What does this all mean to you? I think it says you don’t need much to prepare for a hike. You don’t need to walk for half a year in preparation. No. You don’t need to prepare to prepare – I’m speaking from experience, rather, observation. Just get your hiking clothes ready and venture out. And you are at liberty in interpreting what constitutes hiking clothes. Anything loose, comfortable on a pair of your favourite pair of sports shoes will do. And if you are living in this part of the world, you need something that would protect you from rains, sunshine, wind and dust. Okay. This shouldn’t put you in your deep preparation mood. Get into your walking gear, put on your hat, and get going.

With that in mind, you can see why I’m yearning for a weekend getaway. I have a choice of beautiful hills and mountains among Bunda, Ngala or Nkhoma in Lilongwe. Or Chongoni or Dedza in the adjoining Dedza district. There’s also another Ngala mountain in Dowa. These are surrounding areas from the Capital City of Malawi. Some mountain has to come to me. The only burning question is how many bananas am I taking with me?


Be More Race – 79 Days to Go!

79 Days To Go!
79 Days To Go!


The countdown for the Be More Race is in full swing. Already we are now down to 79 days, left. Have you started your preparations? The race is for the swift to win like that adage an early bird catches the worm. So if you haven’t taken to the tracks yet, now is the time.

Later on in this series, we are going to talk to the winners of last year’s race in order to obtain useful insights for you as you prepare. For now, we can start with the basics:


  1. Run, my brother run. Run, my sister run.

The best advice I ever got on anything was when I was preparing to hike Kilimanjaro was that practice is the best teacher. If you will hike, the best you can do is hike often. So it goes that if you are going to run a half marathon, the best you can do is run a couple of half marathons. That is 21.2 km of fun and grit in the administration capital, Lilongwe.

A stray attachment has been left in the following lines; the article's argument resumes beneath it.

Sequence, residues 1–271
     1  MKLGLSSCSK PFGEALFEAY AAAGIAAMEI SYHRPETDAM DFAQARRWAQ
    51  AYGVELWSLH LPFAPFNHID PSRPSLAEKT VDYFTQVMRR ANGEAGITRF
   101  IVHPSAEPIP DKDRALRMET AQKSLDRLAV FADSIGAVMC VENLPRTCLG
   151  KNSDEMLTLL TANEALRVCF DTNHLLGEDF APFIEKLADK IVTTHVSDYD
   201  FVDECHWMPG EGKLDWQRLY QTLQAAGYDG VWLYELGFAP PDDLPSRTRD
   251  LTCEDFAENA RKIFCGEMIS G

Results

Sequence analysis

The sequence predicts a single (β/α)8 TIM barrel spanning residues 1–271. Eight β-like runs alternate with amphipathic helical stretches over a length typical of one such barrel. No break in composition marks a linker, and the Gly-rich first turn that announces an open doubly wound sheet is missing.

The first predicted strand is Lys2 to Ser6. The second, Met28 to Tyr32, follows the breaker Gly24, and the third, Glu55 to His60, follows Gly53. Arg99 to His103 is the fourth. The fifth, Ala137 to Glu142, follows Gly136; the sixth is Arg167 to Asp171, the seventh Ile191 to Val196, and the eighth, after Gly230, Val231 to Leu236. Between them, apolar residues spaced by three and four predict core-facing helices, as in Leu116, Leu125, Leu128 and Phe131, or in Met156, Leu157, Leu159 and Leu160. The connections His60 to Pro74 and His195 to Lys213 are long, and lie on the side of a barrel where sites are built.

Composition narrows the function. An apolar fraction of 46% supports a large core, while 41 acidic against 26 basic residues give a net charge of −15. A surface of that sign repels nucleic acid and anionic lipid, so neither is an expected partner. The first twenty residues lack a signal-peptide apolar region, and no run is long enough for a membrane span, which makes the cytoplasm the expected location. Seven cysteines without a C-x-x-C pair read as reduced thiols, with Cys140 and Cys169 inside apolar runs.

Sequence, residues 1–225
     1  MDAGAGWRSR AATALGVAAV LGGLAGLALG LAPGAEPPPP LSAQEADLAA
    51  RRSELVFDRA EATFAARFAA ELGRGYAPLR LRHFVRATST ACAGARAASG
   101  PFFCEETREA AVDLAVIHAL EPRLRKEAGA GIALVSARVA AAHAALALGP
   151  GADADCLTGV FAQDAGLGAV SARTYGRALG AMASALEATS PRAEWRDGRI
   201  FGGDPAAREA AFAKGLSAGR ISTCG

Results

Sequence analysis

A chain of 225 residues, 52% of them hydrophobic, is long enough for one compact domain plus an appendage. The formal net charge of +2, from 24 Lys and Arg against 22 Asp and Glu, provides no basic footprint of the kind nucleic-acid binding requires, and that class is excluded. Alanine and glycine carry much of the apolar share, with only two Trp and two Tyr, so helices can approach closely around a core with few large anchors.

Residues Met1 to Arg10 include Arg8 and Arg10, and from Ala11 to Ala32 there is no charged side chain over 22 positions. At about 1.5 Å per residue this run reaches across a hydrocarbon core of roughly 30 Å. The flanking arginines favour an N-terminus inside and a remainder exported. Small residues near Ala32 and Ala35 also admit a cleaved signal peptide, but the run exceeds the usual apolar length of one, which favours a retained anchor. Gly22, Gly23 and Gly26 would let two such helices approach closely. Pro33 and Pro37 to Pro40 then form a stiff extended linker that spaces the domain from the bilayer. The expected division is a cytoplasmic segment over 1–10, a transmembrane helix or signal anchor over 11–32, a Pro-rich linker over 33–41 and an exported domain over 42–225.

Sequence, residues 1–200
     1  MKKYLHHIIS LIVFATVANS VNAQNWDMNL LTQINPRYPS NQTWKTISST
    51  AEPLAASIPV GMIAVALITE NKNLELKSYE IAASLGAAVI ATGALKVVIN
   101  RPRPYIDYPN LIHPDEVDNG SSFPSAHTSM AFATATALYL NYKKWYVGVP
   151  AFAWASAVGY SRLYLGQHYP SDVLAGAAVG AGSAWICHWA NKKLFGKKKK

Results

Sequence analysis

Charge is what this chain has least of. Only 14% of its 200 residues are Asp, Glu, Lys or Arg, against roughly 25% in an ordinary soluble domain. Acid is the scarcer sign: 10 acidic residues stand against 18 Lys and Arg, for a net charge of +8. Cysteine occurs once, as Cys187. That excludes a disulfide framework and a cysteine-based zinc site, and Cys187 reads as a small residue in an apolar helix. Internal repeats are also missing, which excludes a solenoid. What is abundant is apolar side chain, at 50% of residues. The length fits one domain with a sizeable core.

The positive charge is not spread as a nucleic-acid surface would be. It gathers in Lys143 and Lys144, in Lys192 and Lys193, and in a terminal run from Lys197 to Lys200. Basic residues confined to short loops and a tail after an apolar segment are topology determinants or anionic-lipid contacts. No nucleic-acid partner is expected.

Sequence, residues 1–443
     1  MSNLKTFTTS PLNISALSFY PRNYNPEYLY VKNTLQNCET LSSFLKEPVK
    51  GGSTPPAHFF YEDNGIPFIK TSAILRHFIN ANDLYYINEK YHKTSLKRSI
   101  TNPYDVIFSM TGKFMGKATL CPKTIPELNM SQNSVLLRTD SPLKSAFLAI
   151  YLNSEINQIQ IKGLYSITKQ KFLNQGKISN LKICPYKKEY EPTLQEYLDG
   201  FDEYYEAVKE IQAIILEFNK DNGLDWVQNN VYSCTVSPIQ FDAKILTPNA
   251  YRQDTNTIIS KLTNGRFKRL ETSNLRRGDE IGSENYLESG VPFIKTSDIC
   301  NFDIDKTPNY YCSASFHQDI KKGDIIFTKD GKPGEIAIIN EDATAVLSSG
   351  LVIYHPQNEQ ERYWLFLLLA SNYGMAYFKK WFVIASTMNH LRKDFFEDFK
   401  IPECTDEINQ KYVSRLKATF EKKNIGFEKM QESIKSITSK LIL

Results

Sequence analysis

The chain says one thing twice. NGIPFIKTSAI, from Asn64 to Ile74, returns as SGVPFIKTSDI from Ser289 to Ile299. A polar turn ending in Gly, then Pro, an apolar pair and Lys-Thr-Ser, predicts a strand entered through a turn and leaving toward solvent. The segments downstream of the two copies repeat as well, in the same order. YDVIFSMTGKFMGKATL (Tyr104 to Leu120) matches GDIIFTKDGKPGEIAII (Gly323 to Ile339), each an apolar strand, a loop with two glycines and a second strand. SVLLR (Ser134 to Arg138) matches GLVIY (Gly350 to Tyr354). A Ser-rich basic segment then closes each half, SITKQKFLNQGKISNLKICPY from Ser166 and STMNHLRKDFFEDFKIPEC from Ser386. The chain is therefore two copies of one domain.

Give it a try as soon as possible, and then collect the data to analyse. Are you generally weak? Are you having problems breathing? Are you too heavy? Or perhaps too light? Though I doubt if that would be a problem, but then you never know. Are you too slow? This one will be important if you want to finish among the top 10 or top 50, whichever is comfortable to you.


  1. Watch for general fitness

Some skills are required for specific type of sports, but fortunately, some are generally generic across the board. One such skill is the ability to be in a state of general fitness. This means you can be able to run, walk, jump, swim, bend, stretch, twist without attracting any groans. Whatever your plans for the race may be, I would suggest you start working towards gaining this level of fitness. A visit to the gym at least twice a week, or a walk three times a week, or a run over the weekend, will push you towards this state.

It’s time to give up a bit of couch potato rights and start getting active. It doesn’t have to be excessive for now. Just a little bit every day will give you some decent results. After all, when you are generally fit, it is easier to avoid physical injuries.


  1. Visualise the challenge

Maybe this one should have been the first thing to do. Do you have an idea how long is 5 km, 10km or 21 km? Get on a familiar road and measure this distance. These days it is not difficult to achieve this. You can use a number of apps on iPhone or any Android phone. You can also use the odometer in your car. Drive the distance, then walk the distance. You can even run the distance later. Have a mental picture of the distance you will cover on the day of the race. That will help you build stamina against the challenge.


  1. Hydrate